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Structure-function analysis of proteins involved in stress resistance mechanisms in the model tree Populus trichocarpa

PI: Nicolas Rouhier and Arnaud Hecker (UMR 1136 IAM)

Co-applicants: Christine Gérardin and Stéphane Dumarçay (LERMAB)

Collaborations: Frédéric Bourgaud and Alexandre Olry (LAE, Nancy), Claude Didierjean (CRM2, Nancy), José Gualberto (IBMP, Strasbourg)


Context — The 81 poplar glutathione transferases constitute a monophyletic group that can be subdivided in ten classes. These proteins provide a protection against exogenous toxic molecules referred to as xenobiotics and could also participate to the biosynthesis and/or transport of secondary metabolites. They are typically known to catalyze the conjugation of the tripeptide glutathione to compounds containing an electrophilic center to form glutathionylated products. This reaction is an essential step for the detoxification of toxic compounds. Proteomic and transcriptional studies have shown that Phi class GSTs (GSTFs) are strongly induced in response to a broad range of stimuli including stresses. Despite these studies, the substrates and physiological functions of most of these enzymes remain unknown, whereas this class appeared with terrestrial plants before being hugely expanded in some photosynthetic organisms during evolution.

Objectives — This project consisted in performing a functional comparative study of all poplar GSTFs using a structure-function approach in order to understand the functional and physiological specificity explaining the expansion of this class in poplar and more generally in plants.


The work program was divided into three main parts combining multidisciplinary approaches:

  • the study of the enzymatic and structural properties of recombinant proteins after overexpression of the coding sequence in Escherichia coli and purification. The idea was to test known substrates, including herbicides/pesticides, secondary metabolites, halogenated pollutant compounds and molecules with aromatic cycles from a chemical library and to try to solve the 3D structures of the proteins alone or in complex with ligands.
  •  the study of transcript and protein amounts in different poplar organs and in response to various biotic or abiotic stresses.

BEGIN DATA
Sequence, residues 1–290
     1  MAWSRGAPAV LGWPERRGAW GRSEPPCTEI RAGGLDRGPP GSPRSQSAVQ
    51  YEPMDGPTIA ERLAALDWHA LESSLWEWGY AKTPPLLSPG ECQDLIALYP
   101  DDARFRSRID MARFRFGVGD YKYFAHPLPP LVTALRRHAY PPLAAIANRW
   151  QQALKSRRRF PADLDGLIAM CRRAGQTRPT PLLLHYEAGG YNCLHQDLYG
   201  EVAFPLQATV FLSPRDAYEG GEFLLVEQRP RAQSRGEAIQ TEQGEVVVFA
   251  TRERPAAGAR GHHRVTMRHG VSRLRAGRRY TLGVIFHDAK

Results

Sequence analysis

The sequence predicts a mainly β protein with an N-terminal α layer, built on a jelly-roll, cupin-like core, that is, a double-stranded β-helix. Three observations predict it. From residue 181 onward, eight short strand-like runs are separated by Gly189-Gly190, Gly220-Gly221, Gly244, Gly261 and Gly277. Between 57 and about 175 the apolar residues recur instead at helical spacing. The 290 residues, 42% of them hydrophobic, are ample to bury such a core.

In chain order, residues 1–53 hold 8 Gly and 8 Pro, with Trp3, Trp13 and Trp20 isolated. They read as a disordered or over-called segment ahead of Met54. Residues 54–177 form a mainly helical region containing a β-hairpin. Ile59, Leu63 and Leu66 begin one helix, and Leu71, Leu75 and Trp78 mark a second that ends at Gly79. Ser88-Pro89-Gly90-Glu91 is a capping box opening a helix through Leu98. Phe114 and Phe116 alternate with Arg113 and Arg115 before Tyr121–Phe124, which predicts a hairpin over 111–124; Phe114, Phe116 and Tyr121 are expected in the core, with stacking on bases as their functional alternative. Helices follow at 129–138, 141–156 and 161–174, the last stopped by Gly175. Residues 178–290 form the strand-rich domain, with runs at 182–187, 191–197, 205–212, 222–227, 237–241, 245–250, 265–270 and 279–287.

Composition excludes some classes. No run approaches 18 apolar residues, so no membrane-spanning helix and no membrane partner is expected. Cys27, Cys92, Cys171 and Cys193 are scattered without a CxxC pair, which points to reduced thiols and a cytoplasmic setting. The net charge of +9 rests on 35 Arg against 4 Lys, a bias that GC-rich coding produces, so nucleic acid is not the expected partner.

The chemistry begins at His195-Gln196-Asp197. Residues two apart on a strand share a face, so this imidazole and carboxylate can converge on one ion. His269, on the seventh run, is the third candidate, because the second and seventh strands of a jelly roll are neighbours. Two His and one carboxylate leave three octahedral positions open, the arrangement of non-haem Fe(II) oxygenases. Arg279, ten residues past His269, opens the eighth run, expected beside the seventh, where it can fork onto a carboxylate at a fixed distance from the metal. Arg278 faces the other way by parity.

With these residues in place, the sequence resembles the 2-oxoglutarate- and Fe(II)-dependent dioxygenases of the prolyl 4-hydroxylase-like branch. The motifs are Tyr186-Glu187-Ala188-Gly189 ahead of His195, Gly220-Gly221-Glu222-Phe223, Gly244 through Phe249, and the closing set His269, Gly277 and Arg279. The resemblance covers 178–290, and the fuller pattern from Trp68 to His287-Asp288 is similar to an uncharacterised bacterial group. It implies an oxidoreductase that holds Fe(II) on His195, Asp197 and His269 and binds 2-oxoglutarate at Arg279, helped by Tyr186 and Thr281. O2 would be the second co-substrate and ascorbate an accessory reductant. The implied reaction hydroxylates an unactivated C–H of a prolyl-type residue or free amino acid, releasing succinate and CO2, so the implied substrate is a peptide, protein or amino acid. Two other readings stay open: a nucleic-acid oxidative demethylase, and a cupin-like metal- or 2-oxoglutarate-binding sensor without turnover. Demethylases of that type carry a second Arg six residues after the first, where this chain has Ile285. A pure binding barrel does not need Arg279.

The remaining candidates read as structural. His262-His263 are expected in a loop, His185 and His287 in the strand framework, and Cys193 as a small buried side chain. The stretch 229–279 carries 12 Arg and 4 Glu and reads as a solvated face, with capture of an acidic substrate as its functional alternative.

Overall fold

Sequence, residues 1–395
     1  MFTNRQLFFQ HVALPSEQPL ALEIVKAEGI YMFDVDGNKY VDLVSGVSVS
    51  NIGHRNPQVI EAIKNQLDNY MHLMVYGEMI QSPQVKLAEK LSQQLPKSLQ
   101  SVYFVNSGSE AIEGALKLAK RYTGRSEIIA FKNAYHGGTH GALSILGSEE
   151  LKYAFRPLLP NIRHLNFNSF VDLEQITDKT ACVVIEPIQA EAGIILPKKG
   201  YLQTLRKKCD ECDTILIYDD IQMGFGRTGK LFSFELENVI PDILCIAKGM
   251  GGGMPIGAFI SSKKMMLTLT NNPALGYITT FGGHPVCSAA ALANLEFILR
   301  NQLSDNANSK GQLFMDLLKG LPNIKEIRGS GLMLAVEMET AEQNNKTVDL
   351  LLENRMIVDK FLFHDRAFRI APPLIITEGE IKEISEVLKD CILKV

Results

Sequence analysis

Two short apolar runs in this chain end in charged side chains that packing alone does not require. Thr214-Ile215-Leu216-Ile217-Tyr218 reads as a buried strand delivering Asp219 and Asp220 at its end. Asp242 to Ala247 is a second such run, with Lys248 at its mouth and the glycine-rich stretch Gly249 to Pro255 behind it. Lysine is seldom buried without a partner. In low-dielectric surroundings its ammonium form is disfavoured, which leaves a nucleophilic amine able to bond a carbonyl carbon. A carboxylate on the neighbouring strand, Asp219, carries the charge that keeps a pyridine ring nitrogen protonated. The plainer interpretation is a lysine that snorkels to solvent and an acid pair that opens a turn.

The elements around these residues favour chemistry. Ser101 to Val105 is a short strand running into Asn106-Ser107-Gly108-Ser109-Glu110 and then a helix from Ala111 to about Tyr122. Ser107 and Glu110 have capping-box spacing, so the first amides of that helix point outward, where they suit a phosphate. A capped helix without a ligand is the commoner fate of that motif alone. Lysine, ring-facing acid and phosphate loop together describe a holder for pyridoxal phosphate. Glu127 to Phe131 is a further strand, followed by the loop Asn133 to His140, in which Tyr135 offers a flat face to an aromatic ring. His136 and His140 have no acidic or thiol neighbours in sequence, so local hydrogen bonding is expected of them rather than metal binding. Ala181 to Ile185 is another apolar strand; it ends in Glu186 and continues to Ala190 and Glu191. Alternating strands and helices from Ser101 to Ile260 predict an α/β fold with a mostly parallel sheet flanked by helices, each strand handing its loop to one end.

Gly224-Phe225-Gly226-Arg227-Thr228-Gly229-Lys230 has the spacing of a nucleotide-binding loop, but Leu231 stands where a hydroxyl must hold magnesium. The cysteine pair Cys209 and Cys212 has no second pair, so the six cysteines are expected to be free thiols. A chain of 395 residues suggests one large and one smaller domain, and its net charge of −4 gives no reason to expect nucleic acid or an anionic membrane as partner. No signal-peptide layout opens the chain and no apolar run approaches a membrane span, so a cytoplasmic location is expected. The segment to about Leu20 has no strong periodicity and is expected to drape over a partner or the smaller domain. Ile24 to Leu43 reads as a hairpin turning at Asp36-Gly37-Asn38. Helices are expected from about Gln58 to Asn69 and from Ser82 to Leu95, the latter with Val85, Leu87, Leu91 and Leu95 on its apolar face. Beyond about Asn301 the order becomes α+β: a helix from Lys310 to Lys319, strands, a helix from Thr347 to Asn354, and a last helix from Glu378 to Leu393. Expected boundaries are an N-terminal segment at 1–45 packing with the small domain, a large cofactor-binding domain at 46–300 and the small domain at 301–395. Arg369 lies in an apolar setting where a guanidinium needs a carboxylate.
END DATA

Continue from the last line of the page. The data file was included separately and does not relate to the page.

• the search for physiological substrates (proteins, secondary metabolites, defense compounds) from poplar extracts. This approach was initiated by analyzing protein thermostability with or without ligands and by performing competitive enzymatic experiments with a fluorescent probe that inhibits the GSTF esterase activity. The identification of “active” molecules will then be done by mass spectrometry coupled or not with a separation by liquid chromatography and eventually by NMR.

Key results

  • The eight GST Phi isoforms were purified as well different mutated proteins on catalytic residues.
  • The measurement of transcript levels in different poplar organs indicates that most GSTs are not displayed or are poorly expressed in roots but display comparable expression patterns in aerial organs, making differentiation difficult.
  • After having tested compounds with aromatic cycles, herbicides/pesticides, secondary metabolites and hormones, it appears that several molecules known to interact with GSTFs from other organisms do not interact with poplar GSTFs. For other molecules and notably classical model substrates, we detected differences in the type of catalyzed activities, i.e. (de)glutathionylation or peroxidase activity and for a given activity type, differential affinities and catalytic efficiencies for certain enzyme/substrate couples indicating the existence of a certain enzymatic specificity.
  • The resolution of 3D structures of 5 GSTFs permitted us to validate our biochemical and enzymatic observations, notably concerning the versatility of several active site residues present in the loop implicated in the recognition and activation of glutathione.

Main findings — The expansion of the GSTF class in poplar does not seem to be linked to specificities in transcript expression territories or in protein subcellular localization (all are predicted as cytosolic) but rather to differences in biochemical and enzymatic properties which are explained by variations at the level of the primary and tertiary sequences and notably by a relatively flexible and permissive active site.

Future perspectives — In order to perform a ligand fishing approach, some other tools have been generated such as the purification of protein variants mutated for 1 to 3 active site residues enabling to better accommodate a chemically synthesized modified glutathione. Using this approach, we should be able to isolate glutathionylated metabolites, something which has been rarely achieved so far.